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Euro Zone Collapse Is 'Horror Scenario': Swiss CEO

Friday, 1 Jun 2012 | 7:41 AM ET

If the euro zone collapses, the Swiss flag carrier—Swiss International Airlines—would "lose competitiveness altogether," Harry Hohmeister, CEO of Swiss International Airlines told CNBC at the SwissMediaForum.

Level of domestic bank exposure: 2.08% Total PIIGS exposure: $56.4 billion Total bank assets: $2.71 trillion Portugal: $2.9 billion Ireland: $14.3 billion Italy: $18.3 billion Greece: $2.9 billion Spain: $18.1 billion *Figures are rounded
Source: Bank of International Settlements, Swiss National Bank, Zurcher Kantonalbank | Photo:  Sylvain Grandadam | Photographer's Choice | Getty Images
Level of domestic bank exposure: 2.08% Total PIIGS exposure: $56.4 billion Total bank assets: $2.71 trillion Portugal: $2.9 billion Ireland: $14.3 billion Italy: $18.3 billion Greece: $2.9 billion Spain: $18.1 billion *Figures are rounded

The Swiss central bank introduced a limit for the Swiss franc's appreciation against the euro last year to help the country's embattled exporters, in a move characterized by famous investor Jim Rogersas a "huge mistake."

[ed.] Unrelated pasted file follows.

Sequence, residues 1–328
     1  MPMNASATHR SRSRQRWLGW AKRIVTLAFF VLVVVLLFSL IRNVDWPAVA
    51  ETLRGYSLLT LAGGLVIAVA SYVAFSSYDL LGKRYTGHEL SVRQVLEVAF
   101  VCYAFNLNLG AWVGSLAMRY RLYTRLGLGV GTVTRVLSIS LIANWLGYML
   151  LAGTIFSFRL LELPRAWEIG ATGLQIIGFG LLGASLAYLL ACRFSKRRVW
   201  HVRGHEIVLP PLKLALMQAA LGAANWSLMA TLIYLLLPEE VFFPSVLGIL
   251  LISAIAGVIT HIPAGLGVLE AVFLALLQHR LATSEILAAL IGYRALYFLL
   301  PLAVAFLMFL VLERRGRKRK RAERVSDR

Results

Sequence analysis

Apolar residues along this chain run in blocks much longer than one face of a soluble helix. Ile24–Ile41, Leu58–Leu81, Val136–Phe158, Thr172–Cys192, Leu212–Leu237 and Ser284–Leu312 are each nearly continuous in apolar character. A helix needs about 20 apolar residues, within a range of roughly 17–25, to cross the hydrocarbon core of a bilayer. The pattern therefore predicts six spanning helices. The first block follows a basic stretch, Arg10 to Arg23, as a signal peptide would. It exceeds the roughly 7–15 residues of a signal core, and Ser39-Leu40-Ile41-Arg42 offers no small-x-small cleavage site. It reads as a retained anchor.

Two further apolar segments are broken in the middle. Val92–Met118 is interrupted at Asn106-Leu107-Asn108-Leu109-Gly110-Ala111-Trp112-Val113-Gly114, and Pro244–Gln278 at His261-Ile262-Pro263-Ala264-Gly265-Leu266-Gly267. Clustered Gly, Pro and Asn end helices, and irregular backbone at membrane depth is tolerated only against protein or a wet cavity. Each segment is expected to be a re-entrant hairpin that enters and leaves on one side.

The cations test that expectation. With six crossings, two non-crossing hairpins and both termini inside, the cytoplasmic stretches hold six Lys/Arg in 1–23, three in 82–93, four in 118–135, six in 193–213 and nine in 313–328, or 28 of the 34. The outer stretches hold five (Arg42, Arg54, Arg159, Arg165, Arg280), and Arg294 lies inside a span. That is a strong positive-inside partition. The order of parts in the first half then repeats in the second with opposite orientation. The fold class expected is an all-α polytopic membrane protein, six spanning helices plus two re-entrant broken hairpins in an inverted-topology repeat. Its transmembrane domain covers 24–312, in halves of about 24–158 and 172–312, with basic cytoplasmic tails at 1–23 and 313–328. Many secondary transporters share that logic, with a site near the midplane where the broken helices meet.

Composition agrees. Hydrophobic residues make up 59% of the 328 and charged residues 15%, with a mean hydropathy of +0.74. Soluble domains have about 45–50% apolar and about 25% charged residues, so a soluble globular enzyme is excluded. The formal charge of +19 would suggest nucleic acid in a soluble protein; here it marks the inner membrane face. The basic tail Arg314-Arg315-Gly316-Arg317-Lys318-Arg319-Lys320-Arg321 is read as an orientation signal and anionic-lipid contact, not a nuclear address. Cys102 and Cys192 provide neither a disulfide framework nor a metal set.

Asked about the ramification of a potential Greek exit on his business, Hohmeister said: "We depend one to one on the economic environment; in that sense, it would have a major impact."

Hohmeister said that there is a certain possibility of the monetary union collapsing.

"In that case, we (Swiss International Airlines) would become 20 to 30 percent more expensive as a result of the strengthening Swiss franc , and we would lose competitiveness altogether. That is a horror scenario," he said.

Markets have been jittery at the prospect of a disintegration of the euro zone and officials such as European Central Bankhead Mario Draghihave called on European Union (EU) leaders to take measures to prevent this from happening.

Greeks will go to the polls on June 17 in general electionsseen by many as a vote on whether the country will stay in the euro zone or leave.

Admitting that an outcome of the Greek situation is too hard to predict, Hohmeister talked about the opposite scenario: "On the other hand you can assume that there will be an orderly solution to this crisis by the EU—even if it is very costly."

"That could [lead] to stabilization in the euro zone, which in turn may correct the exchange rate distortions in the favor of our business. So, yes, there is a chance that we could massively benefit from the situation, too, but overall it is too hard to predict."

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